A haunting quiet permeates the spare lines and the page in-between throughout “Not a treatise on the line segment.” While “The Theory of Subjectivity in Moby-Dick” is a compelling journey, I am more drawn to this project's lyrical contemplativeness. If the reader is meant to view the poems as a whole, “Not a treatise on a line segments” doesn't congeal the way “The Theory of Subjectivity of Moby-Dick” does, but it sometimes offers more resounding fragments:
even how we think


      Someone had
      to hold
           the idea
           the method

The formal choices here allow the reader some breathing room to ponder the “atrocities” at the foreground of this section. The lines' conceptual content (i.e., “how we think”) and the poem's broad application of the word “atrocities” add to this. At one point Meadows writes the following:
words picked out of the historic document like eyes
      or tidbits leaving the thing with holes and gaps

word      word word
   word          word


But at times, I can't help but feel aimless while navigating Meadows' pocked terrain. It's then that I get skeptical. Is there an overabundance of the “tidbit?” Do the “gaps” and “holes” leave too wide, too deep a void? Of course, Meadows doesn't simply have a passing interest in the “tidbit,” in the “holes” and “gaps;” they are as integral to her project as her own diction, and proportionally, there are as many in the final section as there are in the first and second. False cognates, fake cognates, and willful misreading are characteristic of the last part, “Faux Translation of Charles Baudelaire's 'To the Reader'.” Like Zukofsky, Meadows translates against meaning, letting her sonic impulses guide her. By joining accuracy with inaccuracy, Meadows makes a humorous, hodge-podge text sucked of much of its original denotation.

I worry about palimpsest. I worry that the theoretical cart sometimes comes before the poetic horse. Palimpsest makes for a thought-provoking, but arduous journey. Then again, isn't this what Meadows intends? Doesn't she want to make it tough-going? Perhaps palimpsest, perhaps writing over, through, and within the unchangeable horrors of history, that is, by accepting and integrating, though always with a scrupulous eye, is the only way we can move forward.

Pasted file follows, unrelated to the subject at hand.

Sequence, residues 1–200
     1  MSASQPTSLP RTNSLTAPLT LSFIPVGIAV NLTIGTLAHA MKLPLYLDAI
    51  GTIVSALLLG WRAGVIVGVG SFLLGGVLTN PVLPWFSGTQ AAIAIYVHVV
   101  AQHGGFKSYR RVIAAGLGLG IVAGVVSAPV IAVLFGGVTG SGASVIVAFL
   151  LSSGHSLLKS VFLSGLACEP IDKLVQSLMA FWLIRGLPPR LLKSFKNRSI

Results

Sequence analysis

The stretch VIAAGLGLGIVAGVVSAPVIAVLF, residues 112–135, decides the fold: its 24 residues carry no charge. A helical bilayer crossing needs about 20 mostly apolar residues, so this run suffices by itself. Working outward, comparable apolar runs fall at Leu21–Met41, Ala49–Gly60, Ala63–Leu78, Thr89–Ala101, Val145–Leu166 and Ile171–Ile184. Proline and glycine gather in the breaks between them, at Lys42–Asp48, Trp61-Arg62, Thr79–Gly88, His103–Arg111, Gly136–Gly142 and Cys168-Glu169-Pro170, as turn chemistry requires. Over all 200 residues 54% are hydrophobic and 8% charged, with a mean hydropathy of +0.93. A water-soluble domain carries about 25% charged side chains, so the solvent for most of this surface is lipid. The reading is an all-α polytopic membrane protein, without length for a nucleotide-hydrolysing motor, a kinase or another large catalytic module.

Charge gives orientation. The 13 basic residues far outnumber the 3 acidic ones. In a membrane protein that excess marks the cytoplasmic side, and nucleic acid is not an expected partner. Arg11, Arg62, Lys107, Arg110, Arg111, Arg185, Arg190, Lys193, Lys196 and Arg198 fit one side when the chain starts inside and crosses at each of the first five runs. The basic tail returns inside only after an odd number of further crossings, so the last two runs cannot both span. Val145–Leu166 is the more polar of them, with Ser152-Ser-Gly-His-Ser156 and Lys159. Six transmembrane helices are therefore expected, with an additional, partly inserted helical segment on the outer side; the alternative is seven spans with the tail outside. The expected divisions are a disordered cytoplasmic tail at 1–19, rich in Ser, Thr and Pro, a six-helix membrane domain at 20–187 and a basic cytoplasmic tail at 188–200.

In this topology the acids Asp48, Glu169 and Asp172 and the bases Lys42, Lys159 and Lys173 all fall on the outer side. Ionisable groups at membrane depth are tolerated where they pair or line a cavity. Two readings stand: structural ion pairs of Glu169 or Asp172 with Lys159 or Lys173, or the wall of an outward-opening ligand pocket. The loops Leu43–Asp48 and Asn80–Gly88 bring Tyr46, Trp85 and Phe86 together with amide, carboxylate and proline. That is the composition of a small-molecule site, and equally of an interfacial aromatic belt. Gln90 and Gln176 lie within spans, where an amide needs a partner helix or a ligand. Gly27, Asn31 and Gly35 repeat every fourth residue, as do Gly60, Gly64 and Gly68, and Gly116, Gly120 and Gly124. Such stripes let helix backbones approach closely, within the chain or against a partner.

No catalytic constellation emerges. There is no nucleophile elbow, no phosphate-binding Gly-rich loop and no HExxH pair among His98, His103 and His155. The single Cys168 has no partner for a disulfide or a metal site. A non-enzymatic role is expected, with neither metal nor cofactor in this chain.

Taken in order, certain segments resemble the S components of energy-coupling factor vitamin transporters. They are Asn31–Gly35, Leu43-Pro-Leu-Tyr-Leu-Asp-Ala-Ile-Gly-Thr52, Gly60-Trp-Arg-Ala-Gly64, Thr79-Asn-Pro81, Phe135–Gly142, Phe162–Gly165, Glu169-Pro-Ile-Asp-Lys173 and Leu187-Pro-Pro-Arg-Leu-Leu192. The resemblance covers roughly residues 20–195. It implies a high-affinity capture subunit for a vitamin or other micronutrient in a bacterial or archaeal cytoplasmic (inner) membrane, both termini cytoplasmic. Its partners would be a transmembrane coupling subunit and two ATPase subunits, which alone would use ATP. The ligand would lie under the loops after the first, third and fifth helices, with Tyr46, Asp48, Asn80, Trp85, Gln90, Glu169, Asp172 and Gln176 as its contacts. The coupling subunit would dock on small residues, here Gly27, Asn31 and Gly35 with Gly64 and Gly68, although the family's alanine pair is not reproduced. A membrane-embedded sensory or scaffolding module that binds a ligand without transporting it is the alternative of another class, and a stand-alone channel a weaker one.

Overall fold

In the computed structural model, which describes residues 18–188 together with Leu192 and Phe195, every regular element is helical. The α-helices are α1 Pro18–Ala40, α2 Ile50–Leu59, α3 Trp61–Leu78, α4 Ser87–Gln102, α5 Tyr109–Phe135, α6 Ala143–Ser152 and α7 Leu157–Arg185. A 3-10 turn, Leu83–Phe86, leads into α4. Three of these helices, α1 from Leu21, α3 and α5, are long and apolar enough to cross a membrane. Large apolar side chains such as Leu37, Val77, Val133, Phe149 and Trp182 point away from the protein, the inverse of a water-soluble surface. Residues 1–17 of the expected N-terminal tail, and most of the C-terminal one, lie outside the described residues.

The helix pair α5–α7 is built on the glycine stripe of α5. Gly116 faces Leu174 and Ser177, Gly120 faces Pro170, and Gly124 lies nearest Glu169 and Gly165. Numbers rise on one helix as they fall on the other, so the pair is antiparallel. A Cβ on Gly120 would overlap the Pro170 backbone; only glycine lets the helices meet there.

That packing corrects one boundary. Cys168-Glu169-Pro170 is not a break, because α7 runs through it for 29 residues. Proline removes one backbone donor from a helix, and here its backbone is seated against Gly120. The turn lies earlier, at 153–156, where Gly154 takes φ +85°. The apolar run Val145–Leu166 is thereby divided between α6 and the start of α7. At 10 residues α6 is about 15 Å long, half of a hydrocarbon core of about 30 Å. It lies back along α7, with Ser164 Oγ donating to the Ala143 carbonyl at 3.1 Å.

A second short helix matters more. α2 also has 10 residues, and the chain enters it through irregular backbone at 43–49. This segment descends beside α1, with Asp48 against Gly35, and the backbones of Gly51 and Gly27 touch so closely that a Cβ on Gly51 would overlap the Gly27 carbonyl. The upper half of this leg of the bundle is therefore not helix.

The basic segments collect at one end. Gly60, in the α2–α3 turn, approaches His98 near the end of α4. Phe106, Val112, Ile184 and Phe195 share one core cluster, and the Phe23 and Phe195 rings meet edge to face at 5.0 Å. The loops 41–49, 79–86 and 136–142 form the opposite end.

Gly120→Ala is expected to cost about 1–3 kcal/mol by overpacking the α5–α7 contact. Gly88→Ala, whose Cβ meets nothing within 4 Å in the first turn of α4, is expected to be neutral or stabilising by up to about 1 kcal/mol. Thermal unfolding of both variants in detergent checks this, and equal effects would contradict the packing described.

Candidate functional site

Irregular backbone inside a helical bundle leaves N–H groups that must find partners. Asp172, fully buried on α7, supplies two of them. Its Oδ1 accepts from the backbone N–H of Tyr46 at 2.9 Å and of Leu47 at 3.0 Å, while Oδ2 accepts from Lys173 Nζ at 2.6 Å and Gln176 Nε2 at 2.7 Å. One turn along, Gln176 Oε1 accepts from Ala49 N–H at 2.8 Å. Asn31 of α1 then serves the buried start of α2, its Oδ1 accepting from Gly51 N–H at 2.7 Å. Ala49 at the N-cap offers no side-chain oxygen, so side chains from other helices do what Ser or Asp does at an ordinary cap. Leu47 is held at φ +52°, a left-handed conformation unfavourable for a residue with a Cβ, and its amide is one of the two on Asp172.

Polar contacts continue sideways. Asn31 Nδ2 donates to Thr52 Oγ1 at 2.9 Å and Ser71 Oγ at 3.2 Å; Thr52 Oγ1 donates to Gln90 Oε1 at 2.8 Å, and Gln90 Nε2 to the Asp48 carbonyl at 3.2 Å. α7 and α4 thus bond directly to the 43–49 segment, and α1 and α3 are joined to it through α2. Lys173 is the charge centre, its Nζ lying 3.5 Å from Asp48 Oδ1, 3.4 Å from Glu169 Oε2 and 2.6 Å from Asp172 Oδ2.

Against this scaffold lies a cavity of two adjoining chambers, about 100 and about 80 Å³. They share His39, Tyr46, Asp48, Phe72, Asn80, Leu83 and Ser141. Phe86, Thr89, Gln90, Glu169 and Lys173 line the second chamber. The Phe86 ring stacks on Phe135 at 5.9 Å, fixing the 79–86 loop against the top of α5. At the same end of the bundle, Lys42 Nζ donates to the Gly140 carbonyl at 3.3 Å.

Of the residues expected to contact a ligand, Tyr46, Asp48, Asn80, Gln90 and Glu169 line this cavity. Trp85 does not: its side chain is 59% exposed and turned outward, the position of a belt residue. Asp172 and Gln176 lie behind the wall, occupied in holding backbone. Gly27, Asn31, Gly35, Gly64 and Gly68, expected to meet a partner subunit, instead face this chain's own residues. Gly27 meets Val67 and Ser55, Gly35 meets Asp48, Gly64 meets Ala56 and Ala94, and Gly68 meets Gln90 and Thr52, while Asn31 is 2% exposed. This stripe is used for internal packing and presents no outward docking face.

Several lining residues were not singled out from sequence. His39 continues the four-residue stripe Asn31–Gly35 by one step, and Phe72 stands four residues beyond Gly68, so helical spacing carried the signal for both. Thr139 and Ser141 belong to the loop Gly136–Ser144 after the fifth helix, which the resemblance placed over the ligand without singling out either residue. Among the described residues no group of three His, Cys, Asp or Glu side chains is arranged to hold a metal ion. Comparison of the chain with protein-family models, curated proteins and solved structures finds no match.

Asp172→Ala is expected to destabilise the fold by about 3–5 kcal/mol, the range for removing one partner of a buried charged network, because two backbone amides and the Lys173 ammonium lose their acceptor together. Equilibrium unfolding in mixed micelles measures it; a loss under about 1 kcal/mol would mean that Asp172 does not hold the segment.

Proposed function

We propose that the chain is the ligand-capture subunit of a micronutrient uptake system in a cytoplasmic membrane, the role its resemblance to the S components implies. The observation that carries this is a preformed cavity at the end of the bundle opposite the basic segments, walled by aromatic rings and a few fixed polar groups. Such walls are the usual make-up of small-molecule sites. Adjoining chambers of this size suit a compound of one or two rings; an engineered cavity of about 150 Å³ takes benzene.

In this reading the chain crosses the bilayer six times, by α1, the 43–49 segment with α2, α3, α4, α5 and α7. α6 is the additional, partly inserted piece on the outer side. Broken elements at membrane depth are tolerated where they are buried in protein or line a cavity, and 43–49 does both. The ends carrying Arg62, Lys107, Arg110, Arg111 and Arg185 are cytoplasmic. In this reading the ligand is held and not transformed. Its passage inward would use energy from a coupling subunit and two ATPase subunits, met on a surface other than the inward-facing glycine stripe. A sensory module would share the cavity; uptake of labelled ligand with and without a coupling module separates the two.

Thursday, February 10, 2005

NEW! Review of Gerhard Rühm

i my feet: selected poems and constellations by Gerhard Rühm. Translated by Rosmarie Waldrop. Burning Deck, $10.

Reviewed by Jennifer Ludwig

Concrete poet Gerhard Rühm was one of the founding members of the Wiener Gruppe (Vienna Group) in the 1950s and 1960s. The work presented here, dating from the early
'50s (Rühm was one of the early practitioners of concrete poetry) to the late '80s, is both a whirl of permutated words and images and a concise historical survey of the career of one of the most important poetic innovators of the twentieth century. i my feet: selected poems and constellations is volume seven of Dichten=, a series of contemporary German writing translated into English and put out by Burning Deck. Founded by Rosmarie and Keith Waldrop in 1961, the press was avowedly established to break down the (false) boundary between beat and academic poetry. Pound's much-beloved catchphrase “dichten=condensare” reappears here as a description of the aims of concrete poetry, of which Waldrop says that “its most obvious feature is reduction . . . Both convention and sentences are replaced by spatial arrangements.”